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Fly News Breaks for March 20, 2017
LPLA, INTC, GOOGL, SF, MBLY, GOOG, CAL, SONC
Mar 20, 2017 | 10:27 EDT
Catch up on today's top five analyst downgrades with this list compiled by The Fly: 1. Pivotal Research analyst Brian Wieser downgraded Alphabet (GOOGL) to Hold from Buy citing brand safety concerns and valuation following the recent rally in the shares. News last week that Havas, the sixth largest global media network, is pulling its spending from Google's YouTube and Google Display Network in the U.K. because Google was "unable to provide specific reassurances, policy and guarantees that their video or display content is classified either quickly enough or with the correct filters" is a big deal, Wieser tells investors. 2. Canaccord analyst Lynne Collier downgraded Sonic (SONC) to Hold from Buy, citing challenging industry sales, the potential for Street estimates to be too high in the midst of soft sales, a lack of upcoming catalysts, and increasing competition from non-traditional venues such as convenience stores. 3. Piper Jaffray analyst Alexander Potter downgraded Mobileye (MBLY) to Neutral saying that while demanding a higher buyout price may be justified, he "begrudgingly" concluded that the price Intel (INTC) is paying for the company is fair. The analyst raised his price target for Mobileye shares to $63.54 from $60 to reflect Intel's offer. 4. Susquehanna analyst Sam Poser downgraded Caleres (CAL) citing the company's "disappointing" results and his belief that the company will not be able to overcome industry headwinds. 5. Goldman Sachs analyst Conor Fitzgerald downgraded Stifel Financial (SF) to Neutral from Buy while raising his price target for the shares to $59 from $58. The analyst believes LPL Financial (LPLA), a stock he upgraded this morning to Conviction Buy, offers more upside at current valuations. This list is just a portion of The Fly's full analyst coverage. To see The Fly's full Street Research coverage, click here.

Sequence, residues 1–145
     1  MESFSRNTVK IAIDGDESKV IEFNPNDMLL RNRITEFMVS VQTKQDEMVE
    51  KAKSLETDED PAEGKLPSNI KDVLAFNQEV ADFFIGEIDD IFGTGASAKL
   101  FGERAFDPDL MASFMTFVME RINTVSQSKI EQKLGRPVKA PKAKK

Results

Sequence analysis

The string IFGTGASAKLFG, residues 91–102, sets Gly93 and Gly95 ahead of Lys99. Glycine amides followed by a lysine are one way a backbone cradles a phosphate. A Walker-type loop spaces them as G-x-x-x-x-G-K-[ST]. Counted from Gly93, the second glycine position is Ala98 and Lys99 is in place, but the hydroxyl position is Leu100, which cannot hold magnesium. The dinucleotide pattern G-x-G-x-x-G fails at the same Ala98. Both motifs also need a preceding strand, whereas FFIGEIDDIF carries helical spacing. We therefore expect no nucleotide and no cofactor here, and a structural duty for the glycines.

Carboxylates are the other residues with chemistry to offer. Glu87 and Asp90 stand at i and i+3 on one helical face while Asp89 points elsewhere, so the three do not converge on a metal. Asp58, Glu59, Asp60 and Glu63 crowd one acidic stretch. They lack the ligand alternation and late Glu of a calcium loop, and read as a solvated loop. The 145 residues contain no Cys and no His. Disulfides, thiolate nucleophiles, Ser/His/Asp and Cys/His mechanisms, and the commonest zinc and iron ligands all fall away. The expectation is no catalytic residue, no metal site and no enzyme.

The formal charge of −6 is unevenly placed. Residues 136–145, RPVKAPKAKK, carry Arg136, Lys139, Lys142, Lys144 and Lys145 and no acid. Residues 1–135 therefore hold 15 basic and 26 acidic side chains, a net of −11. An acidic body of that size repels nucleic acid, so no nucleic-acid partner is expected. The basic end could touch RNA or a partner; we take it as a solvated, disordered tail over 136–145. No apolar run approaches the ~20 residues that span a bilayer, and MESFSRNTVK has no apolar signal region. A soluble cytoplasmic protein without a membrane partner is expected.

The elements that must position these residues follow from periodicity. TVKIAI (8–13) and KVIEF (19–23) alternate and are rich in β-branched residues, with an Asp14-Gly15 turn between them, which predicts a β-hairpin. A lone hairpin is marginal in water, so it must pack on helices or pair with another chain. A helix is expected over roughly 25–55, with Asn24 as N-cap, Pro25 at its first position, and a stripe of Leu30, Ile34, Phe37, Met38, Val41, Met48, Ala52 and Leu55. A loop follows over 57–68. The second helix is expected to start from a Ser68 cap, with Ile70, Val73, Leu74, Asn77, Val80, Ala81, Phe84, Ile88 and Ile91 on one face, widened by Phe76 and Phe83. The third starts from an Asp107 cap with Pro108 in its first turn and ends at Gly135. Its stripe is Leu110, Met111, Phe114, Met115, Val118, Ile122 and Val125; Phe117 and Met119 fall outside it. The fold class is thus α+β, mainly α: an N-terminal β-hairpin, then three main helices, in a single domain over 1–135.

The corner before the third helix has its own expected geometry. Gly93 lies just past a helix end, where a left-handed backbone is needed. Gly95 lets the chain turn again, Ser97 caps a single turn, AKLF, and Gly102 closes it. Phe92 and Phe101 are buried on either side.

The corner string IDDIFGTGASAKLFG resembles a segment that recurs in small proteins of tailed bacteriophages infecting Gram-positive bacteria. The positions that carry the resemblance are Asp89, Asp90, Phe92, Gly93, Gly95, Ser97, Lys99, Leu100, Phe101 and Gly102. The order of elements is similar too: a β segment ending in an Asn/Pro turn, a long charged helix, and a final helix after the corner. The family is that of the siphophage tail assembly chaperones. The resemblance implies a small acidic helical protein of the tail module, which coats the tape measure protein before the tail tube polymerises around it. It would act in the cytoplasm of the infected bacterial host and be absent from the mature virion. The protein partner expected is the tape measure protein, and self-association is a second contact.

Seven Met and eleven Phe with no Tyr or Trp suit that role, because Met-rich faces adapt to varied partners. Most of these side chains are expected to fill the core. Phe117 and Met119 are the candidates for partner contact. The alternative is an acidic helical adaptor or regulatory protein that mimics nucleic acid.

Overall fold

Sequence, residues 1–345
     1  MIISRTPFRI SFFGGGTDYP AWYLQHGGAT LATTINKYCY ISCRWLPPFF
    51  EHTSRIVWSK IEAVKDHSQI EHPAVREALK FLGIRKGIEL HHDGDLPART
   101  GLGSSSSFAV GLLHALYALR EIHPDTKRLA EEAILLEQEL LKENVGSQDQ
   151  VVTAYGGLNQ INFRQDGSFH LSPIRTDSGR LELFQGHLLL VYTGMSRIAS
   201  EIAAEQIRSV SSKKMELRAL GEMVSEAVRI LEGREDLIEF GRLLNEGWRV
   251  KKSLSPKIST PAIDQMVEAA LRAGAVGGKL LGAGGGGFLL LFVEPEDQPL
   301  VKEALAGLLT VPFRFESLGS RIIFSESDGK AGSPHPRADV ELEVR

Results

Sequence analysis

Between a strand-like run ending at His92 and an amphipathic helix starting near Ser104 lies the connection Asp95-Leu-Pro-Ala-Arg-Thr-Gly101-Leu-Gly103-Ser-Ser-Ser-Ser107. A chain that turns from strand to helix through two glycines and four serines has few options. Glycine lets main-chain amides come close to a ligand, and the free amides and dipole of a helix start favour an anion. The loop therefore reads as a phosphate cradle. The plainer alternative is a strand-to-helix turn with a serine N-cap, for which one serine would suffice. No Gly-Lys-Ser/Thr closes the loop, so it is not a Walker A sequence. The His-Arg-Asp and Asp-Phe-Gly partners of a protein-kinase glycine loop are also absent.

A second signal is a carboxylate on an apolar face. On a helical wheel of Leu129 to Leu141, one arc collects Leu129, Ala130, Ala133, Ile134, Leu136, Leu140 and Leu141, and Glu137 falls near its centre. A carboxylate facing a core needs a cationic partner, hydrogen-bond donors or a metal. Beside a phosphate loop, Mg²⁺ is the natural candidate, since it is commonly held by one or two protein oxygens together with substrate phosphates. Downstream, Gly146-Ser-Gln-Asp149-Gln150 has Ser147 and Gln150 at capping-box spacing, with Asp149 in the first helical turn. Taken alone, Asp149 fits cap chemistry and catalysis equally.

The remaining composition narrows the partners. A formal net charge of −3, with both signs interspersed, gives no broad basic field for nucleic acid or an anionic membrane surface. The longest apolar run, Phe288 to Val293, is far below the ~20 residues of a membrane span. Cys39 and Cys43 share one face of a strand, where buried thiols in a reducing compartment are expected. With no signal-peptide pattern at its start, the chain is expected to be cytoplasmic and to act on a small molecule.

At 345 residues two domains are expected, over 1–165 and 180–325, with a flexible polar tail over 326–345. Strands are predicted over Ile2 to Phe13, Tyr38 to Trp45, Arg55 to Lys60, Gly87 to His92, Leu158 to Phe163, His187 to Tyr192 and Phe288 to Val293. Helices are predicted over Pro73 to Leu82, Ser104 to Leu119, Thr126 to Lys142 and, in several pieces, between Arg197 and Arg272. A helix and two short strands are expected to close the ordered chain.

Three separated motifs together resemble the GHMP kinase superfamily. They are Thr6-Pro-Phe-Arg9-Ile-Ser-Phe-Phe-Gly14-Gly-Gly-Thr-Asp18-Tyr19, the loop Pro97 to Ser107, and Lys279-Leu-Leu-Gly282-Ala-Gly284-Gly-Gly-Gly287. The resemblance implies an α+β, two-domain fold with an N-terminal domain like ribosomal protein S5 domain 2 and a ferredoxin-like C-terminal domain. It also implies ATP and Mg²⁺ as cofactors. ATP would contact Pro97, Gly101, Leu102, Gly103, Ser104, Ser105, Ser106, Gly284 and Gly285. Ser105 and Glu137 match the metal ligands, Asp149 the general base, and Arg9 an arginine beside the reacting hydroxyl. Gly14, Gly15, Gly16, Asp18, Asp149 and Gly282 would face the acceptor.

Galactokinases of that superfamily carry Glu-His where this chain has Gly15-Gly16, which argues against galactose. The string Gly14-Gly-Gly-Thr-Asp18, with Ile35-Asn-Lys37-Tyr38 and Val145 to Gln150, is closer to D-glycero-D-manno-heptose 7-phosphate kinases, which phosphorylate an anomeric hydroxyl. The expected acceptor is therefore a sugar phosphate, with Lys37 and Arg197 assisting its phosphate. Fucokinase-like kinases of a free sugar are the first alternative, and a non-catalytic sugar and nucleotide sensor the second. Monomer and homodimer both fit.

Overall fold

News For GOOG;GOOGL;SONC;MBLY;INTC;CAL;SF;LPLA From the Last 2 Days
GOOG, GOOGL
Mar 27, 2017 | 15:40 EDT
Nomura joined several other Wall Street research firms Monday in commenting on Alphabet's (GOOGL) ad placement controversy, appearing to take a more bearish view on the issue and warning of a possible $750M hit to sales. NOMURA SAYS AD CONTROVERSY COULD CUT $750M FROM SALES: Nomura's Anthony DiClemente said Monday that, while he believes YouTube is capable of eventually launching safety fixes, he expects the "direct cumulative negative impact to revenue" could ultimately be $750M, with this year's Q2 and Q3 shouldering the majority of the impact. DiClemente added that the cost of developing solutions "may weigh on margins," and he also noted that investor confidence in YouTube's opportunity to steal share from TV advertising "has been reduced to some degree." The analyst cut his target price to $925 from $950 while maintaining a Buy rating on Alphabet. OTHER ANALYSTS URGE CALM: Nomura's investor note Monday came alongside several other fresh takes on the controversy. After speaking with contacts in the ad industry, UBS argued that marketer concerns seem to have elements of "opportunism," adding that the firm hasn't yet heard anything that would necessitate changes to long-term Alphabet estimates. Meanwhile, research firm Baird urged investors to remain calm and highlighted the limited bottom-line impact to Alphabet, while JPMorgan forecast just a "modest" financial hit to the company. PRICE ACTION: Class A shares of Alphabet are up 0.7% to $840.88 in afternoon trading. Last week, the Class A shares of Google's parent declined a bit over 4%.